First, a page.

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Microsoft Launches Modern.IE Cross-IE Testing Toolbox

Microsoft is announcing the launch of modern.IE, a free new toolbox and set of resources designed to make it easier for web developers to make their sites work across all versions of Internet Explorer. As part of this news, Microsoft is partnering with BrowserStack to offer developers use of its virtual browser testing site free of charge for three months, for any browser and on any OS.

There are two things that contribute to the problems developers face when testing for cross-browser compatibility, says Microsoft: old browsers — past versions of Internet Explorer like IE8/7/6 require "a lot more testing" because they don't use modern HTML5 web standards that work in many browsers; and second, developer access — programmers don't (typically) have a simple way to access modern (and older) versions of Internet Explorer.

Learning From Past Mistakes

Redmond admits that at the time of the release of IE9, the team made a commitment to developers to "learn from past mistakes" and so they adopted automatic updates in December 2011.

"We began to offer Platform Previews for developers to provide feedback; and we adopted modern standards as outlined by the W3C. With IE10, we've continued that commitment, adding significantly more HTML5 web standards, cutting edge performance, and multi-touch support. We also offered lessons learned, code, and best practices with each project we work on. We continually check in with developers and hear loud and clear that they like the direction that IE is headed. But the need to support older browsers is holding them back," says Microsoft.

modern.IE is positioned as part of the firm's commitment to web developers focused on Explorer. As such, it launches with a diagnostics wizard that searches a site's code and suggests some ways to help; a new method to test a site in any browser regardless of what platform a developer codes with; and also, a compilation of the best practices Microsoft itself says it has heard from listening to developers.

NOTE: The list has been moderated by two coding experts that Microsoft trusts to help developers: Dave Methvin, president of the jQuery foundation, and Rey Bango, Redmond's own technical evangelist and former member of the jQuery Project.

"We wanted to make a simple way for developers to get immediate feedback on common problems in supporting older versions of Internet Explorer and suggest ways that can make it easier to support many modern browsers, too. Our commitment here is to provide more transparency. By no means does the tool cover everything that it takes to build cross-browser sites, but it begins with the most common things that hold developers back and suggests enhancements that would help," says Microsoft.

Features here include:

  • A bug catcher that checks a site against the list of known IE bugs that Microsoft routinely tests for.
  • A compatibility indicator that sees if a site is on the current list of known compatibility-view-listed sites (indicating there is a known incompatibility with IE9 or IE10 due to code that was created for older versions of IE).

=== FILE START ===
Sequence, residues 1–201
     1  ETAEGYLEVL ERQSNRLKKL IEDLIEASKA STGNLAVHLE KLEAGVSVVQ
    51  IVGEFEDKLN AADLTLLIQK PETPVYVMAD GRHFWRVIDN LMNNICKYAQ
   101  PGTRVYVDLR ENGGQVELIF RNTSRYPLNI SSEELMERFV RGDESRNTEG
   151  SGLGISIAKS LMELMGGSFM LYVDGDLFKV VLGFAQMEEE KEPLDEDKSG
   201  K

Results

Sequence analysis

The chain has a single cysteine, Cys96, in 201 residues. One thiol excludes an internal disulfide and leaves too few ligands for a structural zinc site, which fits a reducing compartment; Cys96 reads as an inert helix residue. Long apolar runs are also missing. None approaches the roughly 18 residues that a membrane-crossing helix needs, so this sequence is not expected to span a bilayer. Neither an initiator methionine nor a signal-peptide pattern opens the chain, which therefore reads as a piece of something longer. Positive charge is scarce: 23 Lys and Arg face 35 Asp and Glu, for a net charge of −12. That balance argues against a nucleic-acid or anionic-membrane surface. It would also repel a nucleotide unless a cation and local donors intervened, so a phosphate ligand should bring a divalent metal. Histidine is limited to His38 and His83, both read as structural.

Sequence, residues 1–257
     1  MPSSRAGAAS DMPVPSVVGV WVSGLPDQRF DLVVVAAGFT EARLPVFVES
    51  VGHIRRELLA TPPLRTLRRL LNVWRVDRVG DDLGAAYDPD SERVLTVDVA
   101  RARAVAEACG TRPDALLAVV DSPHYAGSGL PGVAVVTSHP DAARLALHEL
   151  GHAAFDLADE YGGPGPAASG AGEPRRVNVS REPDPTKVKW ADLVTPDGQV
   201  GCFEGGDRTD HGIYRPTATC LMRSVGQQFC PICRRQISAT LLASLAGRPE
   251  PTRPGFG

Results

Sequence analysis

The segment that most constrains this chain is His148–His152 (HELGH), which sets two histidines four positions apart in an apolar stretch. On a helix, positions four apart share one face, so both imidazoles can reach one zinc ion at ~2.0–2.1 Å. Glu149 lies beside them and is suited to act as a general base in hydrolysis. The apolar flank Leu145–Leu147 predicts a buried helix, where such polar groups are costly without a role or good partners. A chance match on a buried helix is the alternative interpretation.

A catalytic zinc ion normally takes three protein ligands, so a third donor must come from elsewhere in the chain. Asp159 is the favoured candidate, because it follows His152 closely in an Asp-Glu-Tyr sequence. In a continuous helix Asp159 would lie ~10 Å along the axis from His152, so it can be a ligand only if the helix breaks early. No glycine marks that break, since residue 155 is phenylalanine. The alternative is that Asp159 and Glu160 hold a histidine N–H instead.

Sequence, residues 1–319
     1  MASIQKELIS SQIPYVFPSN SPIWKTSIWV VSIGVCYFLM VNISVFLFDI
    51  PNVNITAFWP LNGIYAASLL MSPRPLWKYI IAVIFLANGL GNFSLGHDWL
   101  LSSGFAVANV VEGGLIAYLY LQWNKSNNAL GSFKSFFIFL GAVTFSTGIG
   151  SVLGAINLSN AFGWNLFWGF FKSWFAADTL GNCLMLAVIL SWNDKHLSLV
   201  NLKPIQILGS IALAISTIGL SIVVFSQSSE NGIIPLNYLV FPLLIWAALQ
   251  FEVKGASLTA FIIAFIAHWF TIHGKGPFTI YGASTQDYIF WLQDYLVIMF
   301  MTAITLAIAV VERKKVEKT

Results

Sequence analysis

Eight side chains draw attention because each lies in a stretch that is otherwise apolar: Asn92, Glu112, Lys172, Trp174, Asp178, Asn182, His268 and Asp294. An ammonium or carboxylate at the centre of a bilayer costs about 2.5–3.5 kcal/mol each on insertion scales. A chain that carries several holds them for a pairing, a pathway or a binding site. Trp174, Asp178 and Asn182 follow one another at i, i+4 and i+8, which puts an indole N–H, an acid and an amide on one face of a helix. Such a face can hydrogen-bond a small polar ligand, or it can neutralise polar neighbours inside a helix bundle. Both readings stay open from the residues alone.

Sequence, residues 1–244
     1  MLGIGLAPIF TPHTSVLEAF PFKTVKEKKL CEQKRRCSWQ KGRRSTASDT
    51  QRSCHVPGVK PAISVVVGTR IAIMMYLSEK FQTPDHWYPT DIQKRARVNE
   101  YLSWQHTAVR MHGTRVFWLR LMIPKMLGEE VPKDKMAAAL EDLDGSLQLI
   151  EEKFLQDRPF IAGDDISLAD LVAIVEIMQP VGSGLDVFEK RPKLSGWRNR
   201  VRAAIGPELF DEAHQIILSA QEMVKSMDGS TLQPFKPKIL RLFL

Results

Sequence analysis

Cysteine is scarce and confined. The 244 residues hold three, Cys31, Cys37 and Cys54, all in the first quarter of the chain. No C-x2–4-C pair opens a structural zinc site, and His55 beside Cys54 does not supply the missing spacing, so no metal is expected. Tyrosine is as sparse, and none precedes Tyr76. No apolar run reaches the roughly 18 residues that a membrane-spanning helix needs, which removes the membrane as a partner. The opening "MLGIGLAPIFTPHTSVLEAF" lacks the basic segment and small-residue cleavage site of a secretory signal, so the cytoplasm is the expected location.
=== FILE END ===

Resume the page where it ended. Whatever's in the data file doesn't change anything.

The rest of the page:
• A plug-in finder that determines if a site is running Flash or other plug-ins that might not work in the Windows 8 user interface version of IE10 or other modern browsers (especially on mobile screens).
  • A modern frameworks test that ensures the site's frameworks and libraries aren't outdated and causing compatibility problems.
  • A standards Docmode test to make sure the site has a DocType that recognizes modern web standards like HTML5 and CSS3.

Modern Feature Detection Test

There is also a CSS test that detects compatibility problems caused by browser vendor-specific prefixes; a modern responsive design test that checks if the layout can work across screen types (including mobile); a "modern feature detection test" that focuses on feature detection over browser detection.

The site diagnostics also suggests some ways that developers might enhance their site experiences in Windows 8: a touch test to see if there are opportunities to take advantage of multi-touch browsing; and a Windows 8 test to see if there are any capabilities developers can add to take advantage of the new OS — like site pinning, which puts the site on the start screen right next to apps.

While the ins and outs of the diagnostics are technical, Microsoft says that "key takeaway" here is that developers will have a one-stop-shop to test their site and have a simple list of items they could implement to enhance their site for the modern web.

An Open Source Future?

"We plan to make continual enhancements to the tool based on what is most helpful to developers — even making it open source and community-supported in the future," says Microsoft.

Additionally, the firm is making available local versions of Internet Explorer and Windows that can be downloaded and virtualized for testing, even on Mac, Linux, or PC.

For more on Windows programming, it is the focus of the March 2013 issue of Dr. Dobb's Journal: Understand the new Win8 socket API, prevent XSS attacks in ASP.NET Web apps, refresh your knowledge of atomic operations, and more! Download the PDF.

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